With his first tour in Russia coming to and end, Horst had flown 126 sorties, which were mostly ground attack missions. This was grueling on Horst and gave him little time to pursue shooting down enemy aircraft, which is what every fighter pilot dreams of. In the first tour Horst was able to shoot down only three confirmed aerial victories. But the primary mission of his Staffel (squadron) was to bust the Russian tank. They called it “Tank Busting”. Many times Petzschler and his fellow pilots were the last and only hope for the German infantry below them in the snow and frozen earth. Most of his missions were Leningrad to Kiev, Russia.
This is artwork was done by Horst to show me how a cretin battle happened. This artwork is available for $850.00.
Defense of the Reich
Master Sergeant Petzschler left the Russian front and was transferred to JG3 “Udet” near Madeburg, Germany. While he was with JG 3 his rank was officially Feldwebel Horst Petzschler. From the first week in April 1944 through the last week in May Horst was flying and fighting against the American bomber formations. Horst was looking for action in the air and here he would be flying solely to shoot down enemy aircraft.
This was also to be a reprieve against the utter stress that Horst was experienced fighting against the Russians. In his own way Horst felt that this charge to fighting American bombers would be a welcomed change of pace. He told me that this was one of his worst decisions he ever made. the stress got even worse!
Horst told me his first impression of the bomber formations was to be “astonished.” Remember, Horst had encountered the Memphis Belle with a few hundred bombers and no fighter escort in the past. This was 1944 and the bomber formations were hundreds of bombers and hundreds of fighter escort.
Horst flew fourteen missions during this time frame flying against the Eight Air Force. Horst shot down a B-17, a B-24 and two P-51 Mustangs, with himself being shot down once by a Mustang.
In Europe Horst flew the Messerschmitt Bf-109G-6 fighter. Improvements continued through out the war on the premier German fighter and this aircraft was designed for high altitude fighting. He also flew the G-14 and the new “K” model. A Daimler-Benz DB 605A 12-cylinder engine powered the G-6. The engine was rated at 1,475hp at take off and could fly at 386mph at 22,640 feet. The armament of the G-6 was one 30mm Mk 108 cannon mounted in the engine with two 13mm MG 131 cowl mounted machine guns. The engines continued to excel as did the aircraft models.
Petschler’s Messerschmitt was to operate at high altitudes so instead of the dark green and olive green or gray splinter camouflage this aircraft was simply painted an over all RLM 76. This was a very good color against the thin bluish gray skies over Europe.
The crosses on the wings and the sides were simple basic black with no trim. The swastika was also painted a simple black with no outlines of white. Horst had the JG 3 Udet squadron shield in red and white on the cowling and the spinner was in a spiral black and white design, which was quite typical of many of the German fighters. His aircraft was officially a Bf 109G-6 AS, W Nr 412179, of 2./JG 3.
Horst claimed his first two American aircraft on May 12, 1944 as his squadron was sent up against the bomber formations over Frankfurt. Once they reached altitude, he and his fellow pilots spotted an incoming formation of American bombers.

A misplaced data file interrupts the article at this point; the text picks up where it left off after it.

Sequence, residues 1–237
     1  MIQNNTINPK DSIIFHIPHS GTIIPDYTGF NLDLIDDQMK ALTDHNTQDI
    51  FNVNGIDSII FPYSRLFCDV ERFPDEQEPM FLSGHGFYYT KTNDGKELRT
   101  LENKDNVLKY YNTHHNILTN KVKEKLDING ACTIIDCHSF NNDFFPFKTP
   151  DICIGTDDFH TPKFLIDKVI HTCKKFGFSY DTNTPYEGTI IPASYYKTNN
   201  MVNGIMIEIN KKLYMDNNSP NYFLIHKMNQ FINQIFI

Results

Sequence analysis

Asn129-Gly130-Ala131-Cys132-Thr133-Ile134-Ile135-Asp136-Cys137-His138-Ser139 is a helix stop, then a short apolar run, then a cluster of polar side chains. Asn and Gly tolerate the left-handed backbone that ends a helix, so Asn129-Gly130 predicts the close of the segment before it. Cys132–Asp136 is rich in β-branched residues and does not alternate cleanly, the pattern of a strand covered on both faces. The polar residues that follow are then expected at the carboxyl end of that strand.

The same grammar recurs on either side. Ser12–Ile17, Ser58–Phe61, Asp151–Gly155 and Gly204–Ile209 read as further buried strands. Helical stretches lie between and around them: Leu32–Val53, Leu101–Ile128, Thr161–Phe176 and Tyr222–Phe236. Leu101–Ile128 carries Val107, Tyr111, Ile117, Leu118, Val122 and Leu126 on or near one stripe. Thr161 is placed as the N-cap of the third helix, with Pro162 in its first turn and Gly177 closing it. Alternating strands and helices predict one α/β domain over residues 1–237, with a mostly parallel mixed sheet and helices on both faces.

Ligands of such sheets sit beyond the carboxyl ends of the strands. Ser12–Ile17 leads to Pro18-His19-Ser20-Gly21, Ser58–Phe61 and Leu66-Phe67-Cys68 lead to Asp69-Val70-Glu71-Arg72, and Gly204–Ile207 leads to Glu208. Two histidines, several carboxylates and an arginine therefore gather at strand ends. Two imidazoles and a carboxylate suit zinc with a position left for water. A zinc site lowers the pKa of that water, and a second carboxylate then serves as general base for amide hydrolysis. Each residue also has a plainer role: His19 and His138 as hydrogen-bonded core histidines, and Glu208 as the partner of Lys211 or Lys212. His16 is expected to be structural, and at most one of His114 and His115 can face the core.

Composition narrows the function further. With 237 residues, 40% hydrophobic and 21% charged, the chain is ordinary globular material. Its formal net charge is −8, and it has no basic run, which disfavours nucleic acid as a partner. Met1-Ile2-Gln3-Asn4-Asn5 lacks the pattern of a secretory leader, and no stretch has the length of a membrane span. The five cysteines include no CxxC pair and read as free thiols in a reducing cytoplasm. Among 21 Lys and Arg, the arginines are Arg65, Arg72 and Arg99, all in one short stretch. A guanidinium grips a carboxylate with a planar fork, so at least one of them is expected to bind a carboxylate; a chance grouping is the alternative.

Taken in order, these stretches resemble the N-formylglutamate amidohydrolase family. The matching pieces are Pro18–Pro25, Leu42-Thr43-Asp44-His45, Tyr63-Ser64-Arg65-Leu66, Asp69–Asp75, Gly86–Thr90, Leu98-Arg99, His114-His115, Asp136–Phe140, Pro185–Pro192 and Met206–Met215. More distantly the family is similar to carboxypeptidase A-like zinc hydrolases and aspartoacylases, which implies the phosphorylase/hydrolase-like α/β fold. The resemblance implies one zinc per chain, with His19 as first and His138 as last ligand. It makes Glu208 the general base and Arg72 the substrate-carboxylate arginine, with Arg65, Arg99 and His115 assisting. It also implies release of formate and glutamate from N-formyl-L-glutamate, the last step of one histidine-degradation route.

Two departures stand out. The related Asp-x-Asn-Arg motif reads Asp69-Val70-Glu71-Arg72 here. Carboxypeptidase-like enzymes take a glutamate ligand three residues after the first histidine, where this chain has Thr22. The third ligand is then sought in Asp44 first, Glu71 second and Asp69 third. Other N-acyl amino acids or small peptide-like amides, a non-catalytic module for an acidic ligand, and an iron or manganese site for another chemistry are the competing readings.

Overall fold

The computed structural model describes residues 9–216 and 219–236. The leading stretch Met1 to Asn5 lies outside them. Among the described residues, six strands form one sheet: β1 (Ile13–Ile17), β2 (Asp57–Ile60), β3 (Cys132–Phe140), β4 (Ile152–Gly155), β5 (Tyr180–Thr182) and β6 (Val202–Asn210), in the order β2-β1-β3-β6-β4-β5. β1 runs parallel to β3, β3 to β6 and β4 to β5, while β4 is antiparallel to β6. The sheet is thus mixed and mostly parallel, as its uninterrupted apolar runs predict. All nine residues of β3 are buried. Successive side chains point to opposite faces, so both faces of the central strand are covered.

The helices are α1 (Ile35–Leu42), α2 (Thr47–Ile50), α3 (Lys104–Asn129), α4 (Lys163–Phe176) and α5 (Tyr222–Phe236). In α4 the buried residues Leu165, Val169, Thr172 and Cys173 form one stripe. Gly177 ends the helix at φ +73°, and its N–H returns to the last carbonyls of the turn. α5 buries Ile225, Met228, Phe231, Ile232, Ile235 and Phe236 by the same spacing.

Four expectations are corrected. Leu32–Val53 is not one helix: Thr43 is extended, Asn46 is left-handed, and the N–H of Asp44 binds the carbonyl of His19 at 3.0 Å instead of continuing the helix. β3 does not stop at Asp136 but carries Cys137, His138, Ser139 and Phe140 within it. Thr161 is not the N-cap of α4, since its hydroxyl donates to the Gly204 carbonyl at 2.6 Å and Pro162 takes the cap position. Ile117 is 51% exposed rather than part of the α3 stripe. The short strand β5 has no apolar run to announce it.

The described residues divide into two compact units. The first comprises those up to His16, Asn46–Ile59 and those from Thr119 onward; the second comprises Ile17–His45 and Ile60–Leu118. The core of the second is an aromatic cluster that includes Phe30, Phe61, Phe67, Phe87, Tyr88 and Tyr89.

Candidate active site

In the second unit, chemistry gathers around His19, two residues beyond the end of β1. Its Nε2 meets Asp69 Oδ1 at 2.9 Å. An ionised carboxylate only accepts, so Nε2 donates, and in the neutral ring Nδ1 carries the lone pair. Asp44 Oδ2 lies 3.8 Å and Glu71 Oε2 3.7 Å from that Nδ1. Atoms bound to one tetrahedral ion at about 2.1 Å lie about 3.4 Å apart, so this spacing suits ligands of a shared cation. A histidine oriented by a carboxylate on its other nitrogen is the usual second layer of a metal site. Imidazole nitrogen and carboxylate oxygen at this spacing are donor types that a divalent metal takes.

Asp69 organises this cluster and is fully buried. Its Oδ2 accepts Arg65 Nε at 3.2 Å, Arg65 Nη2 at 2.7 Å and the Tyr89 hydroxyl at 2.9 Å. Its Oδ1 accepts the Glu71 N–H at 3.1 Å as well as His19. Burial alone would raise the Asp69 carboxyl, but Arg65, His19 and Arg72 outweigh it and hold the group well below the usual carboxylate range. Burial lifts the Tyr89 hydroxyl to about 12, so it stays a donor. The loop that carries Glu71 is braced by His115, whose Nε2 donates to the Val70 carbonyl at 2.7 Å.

Horst and his fellow pilots attacked the B-17’s head on. As Horst raced at full speed into the oncoming bombers, he selected his target. Viewing the bomber through his gun sites, the bomber grew in size quickly. Squeezing his trigger, Horst saw his tracers reach out at the fast approaching B-17.
Bright flashes appeared between the engine and the main body of the Flying Fortress striking the fuel tanks in the wing and damaging the wing root. The bombers inside engine then exploded as it took direct hits from the 20mm cannon on “Black 14”. Within the blink of an eye Horst was forced to pull up to avoid hitting the oncoming bomber head on.
As Horst pulled up and over the stricken Fortress, his gun camera filmed the bombers wing start to collapse at the wing root sending the once mighty bomber to the German countryside below trailed by the parachutes of its surviving crew members.
As Horst cleared the bomber formation he looked up and saw a flight of Mustangs diving on him. Horst thought that he would dive to get away, but knew that he would then have five Mustangs with a speed advantage on his tail. He pulled up to meet the diving Mustangs and fired on the lead aircraft.
His first shots struck the enemy plane, and as they passed the Mustang exploded into a fireball. That was two aerial victories in one mission. A Flying Fortress, which was no easy task, and a Mustang, which was also a considerable adversary. However both attacks by Horst were good and effective, but also very lucky on his behalf to take out his adversary quickly. His next victory against the Americans was on May 14th against a B-24 returning to England from its mission. Again with a head on attack, Horst was able to drop the American heavy bomber.
On May 28th, Horst and about 330 Bf 109’s and Fw 190’s were scrambled on Ascension Day to intercept American fighters and bombers which were headed towards the German oil facilities. Horst was unaware of the actual size of the force they were up against. The numbers of bombers were 1,200 four-engine bombers, escorted by nearly 700 fighters. Before the air battle was over 266 of the German fighters actually engaged in combat with the bomber and fighter force. Fifty German pilots were shot down. One of the Luftwaffe pilots that was shot down you will be reading about shortly.